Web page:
Democrats have twice referenced using an obscure provision in the annual Financial Services spending bill, referred to as Section 713, that says any federal employee who “prohibits or prevents, or attempts or threatens to prohibit or prevent” another official from communicating with lawmakers shouldn’t be paid during that time.

The process for carrying out such a threat is relatively simple. First, lawmakers request a Government Accountability Office investigation, after which the GAO would issue a legal opinion on whether administration officials have blocked certain federal employees from testifying or otherwise communicating with lawmakers or their aides.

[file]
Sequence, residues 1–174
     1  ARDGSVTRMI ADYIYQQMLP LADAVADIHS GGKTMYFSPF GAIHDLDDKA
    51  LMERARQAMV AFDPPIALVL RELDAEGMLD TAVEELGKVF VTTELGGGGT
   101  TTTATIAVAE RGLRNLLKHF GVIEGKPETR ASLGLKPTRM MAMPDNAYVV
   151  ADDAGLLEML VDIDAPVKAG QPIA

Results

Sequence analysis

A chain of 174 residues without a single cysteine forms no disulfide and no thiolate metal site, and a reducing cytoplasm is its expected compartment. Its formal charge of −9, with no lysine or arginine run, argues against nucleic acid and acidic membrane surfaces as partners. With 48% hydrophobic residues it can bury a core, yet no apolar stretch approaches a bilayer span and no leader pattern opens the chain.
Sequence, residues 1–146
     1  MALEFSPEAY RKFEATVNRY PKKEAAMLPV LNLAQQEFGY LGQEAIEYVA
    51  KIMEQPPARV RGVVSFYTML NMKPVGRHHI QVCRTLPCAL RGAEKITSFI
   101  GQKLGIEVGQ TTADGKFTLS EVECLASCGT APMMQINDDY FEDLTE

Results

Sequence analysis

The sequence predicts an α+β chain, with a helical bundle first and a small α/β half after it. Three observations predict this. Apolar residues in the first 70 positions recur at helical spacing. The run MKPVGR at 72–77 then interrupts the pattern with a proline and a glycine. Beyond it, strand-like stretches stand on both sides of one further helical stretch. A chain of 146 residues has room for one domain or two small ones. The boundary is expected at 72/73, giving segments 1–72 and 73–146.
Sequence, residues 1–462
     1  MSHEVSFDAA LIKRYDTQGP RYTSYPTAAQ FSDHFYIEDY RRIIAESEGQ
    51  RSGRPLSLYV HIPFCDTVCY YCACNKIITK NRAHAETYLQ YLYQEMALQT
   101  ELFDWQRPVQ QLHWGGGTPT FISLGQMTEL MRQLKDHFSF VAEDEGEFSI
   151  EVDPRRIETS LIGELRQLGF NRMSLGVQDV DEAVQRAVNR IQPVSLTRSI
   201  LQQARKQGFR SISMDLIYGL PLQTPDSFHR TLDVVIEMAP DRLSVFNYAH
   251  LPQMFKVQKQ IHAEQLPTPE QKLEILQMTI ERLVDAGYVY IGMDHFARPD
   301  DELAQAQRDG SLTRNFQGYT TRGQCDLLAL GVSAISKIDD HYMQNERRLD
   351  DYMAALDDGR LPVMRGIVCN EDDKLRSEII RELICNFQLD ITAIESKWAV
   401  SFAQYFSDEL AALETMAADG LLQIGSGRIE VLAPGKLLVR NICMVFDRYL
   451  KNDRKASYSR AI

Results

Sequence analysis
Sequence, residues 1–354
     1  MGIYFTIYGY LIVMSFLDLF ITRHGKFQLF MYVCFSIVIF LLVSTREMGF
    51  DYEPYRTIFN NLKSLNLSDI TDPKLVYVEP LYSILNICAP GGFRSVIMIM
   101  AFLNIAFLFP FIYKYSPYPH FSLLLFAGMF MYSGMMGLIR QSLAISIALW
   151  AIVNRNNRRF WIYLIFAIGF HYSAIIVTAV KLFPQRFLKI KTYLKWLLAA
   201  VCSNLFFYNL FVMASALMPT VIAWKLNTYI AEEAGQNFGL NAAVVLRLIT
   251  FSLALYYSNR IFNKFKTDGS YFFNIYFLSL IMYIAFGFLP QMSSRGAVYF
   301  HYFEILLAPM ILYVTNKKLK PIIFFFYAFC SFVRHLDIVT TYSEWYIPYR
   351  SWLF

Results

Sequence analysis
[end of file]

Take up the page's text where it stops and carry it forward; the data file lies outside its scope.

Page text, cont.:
If any wrongdoing is found, the GAO would inform the relevant agency and suggest it claw back salary paid during that time. The agency would then seek repayment from the offending federal employee — if timely payment wasn’t made, it could be sent to a collection agency.